WA looks at AI to bridge remote health divide

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WA looks at AI to bridge remote health divide

Wants real-time monitoring for distant patients.

Australia’s largest country health service will look at using artificial intelligence and predictive analytics as a means to bridge its remote healthcare divide.

WA’s Country Health Service (WACHS) has begun exploring how remote patient monitoring could help it better provide “proactive and pre-emptive” health services across its two-and-a-half million square kilometre network.

It currently services a network of 70 public hospitals and 38 nursing posts, as well as a range of community health and mental health services – the largest geographical area of any Australian health provider.

But the size of the network makes providing high quality healthcare services difficult, with individuals in regional rural areas experiencing poorer general health than those in metropolitan areas.

“The vast spread of the population and the corresponding small population numbers mean that it is challenging to sustain integrated health services across the state,” WACHS’s latest annual report states.

The agency’s hospital network is currently supported through a Command Centre that provides 24/7 support, and it is now looking to begin offering real-time remote patient monitoring supported by AI.

“Remote patient monitoring is being explored as an opportunity to further develop this service across inpatient, emergency, high dependency and intensive care beds by promoting early recognition of patient deterioration both at the bedside and in the Command Centre,” the agency said.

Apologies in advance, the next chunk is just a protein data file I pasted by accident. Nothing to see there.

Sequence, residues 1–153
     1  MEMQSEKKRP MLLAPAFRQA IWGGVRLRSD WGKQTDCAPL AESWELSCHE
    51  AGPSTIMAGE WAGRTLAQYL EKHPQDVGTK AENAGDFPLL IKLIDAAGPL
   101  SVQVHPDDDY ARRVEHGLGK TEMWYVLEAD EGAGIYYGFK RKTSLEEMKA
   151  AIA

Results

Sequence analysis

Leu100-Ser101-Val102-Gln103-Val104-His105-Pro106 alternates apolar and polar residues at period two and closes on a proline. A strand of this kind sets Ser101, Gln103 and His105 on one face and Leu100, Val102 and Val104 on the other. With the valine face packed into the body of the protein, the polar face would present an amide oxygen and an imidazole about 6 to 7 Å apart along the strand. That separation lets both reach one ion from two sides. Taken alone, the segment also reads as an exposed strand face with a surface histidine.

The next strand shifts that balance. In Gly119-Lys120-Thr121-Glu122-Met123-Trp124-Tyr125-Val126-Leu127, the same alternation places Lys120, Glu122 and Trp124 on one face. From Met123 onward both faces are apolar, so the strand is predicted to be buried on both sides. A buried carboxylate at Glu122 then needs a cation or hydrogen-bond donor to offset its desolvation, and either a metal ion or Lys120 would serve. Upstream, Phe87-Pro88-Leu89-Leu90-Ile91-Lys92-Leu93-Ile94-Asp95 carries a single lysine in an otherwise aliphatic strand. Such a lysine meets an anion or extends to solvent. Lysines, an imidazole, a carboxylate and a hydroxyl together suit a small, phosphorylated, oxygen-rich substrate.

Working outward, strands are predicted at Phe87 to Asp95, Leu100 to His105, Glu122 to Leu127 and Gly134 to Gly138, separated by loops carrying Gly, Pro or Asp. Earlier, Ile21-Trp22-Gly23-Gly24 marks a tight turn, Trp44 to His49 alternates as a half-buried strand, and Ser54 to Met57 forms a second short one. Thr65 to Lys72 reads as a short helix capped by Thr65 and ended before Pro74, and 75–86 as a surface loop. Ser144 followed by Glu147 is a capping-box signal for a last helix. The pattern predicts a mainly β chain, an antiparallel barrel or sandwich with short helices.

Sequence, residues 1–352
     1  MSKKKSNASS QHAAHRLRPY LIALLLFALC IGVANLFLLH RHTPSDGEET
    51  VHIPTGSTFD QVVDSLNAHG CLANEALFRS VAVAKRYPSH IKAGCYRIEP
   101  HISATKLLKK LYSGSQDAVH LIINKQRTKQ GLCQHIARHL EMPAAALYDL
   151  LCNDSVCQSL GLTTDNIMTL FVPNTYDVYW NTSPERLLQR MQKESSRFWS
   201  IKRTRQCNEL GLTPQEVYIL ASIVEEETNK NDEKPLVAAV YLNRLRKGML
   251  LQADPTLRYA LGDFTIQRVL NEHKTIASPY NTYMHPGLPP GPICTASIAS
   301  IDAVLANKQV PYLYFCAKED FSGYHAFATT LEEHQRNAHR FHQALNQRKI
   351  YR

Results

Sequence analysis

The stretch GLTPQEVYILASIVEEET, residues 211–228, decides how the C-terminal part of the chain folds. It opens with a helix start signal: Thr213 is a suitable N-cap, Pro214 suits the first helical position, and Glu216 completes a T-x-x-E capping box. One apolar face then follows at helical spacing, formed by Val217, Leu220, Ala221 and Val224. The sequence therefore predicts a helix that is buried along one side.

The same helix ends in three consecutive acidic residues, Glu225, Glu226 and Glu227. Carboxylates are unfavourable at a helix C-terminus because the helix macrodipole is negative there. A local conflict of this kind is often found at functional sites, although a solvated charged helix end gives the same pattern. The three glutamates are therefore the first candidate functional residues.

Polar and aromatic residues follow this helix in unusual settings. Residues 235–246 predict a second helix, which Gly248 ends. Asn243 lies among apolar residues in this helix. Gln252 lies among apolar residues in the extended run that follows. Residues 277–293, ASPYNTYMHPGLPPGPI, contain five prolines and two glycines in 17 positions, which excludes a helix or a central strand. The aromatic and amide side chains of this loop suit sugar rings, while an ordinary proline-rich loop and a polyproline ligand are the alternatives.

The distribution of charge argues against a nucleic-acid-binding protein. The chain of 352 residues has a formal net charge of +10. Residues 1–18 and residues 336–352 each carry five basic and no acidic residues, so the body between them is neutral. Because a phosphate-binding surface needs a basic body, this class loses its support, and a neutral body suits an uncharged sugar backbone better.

“The service would be supported by predictive analytics and artificial intelligence tailored to the unique setting and requirements.”

The patient monitoring service would see “increased visibility and early warning of patient condition deterioration, both locally and remotely”, allowing patients to remain closer to home and reducing the need for transfers.

WACHS has now kicked off a request for information process to understand its options for the potential service that may include a technology platform that can integrated with both existing and future health applications, including an electronic medical record.

The platform will to show the “real-time application of artificial intelligence/machine learning to provide predictive analysis of clinical patient data”, and allow for customisation.

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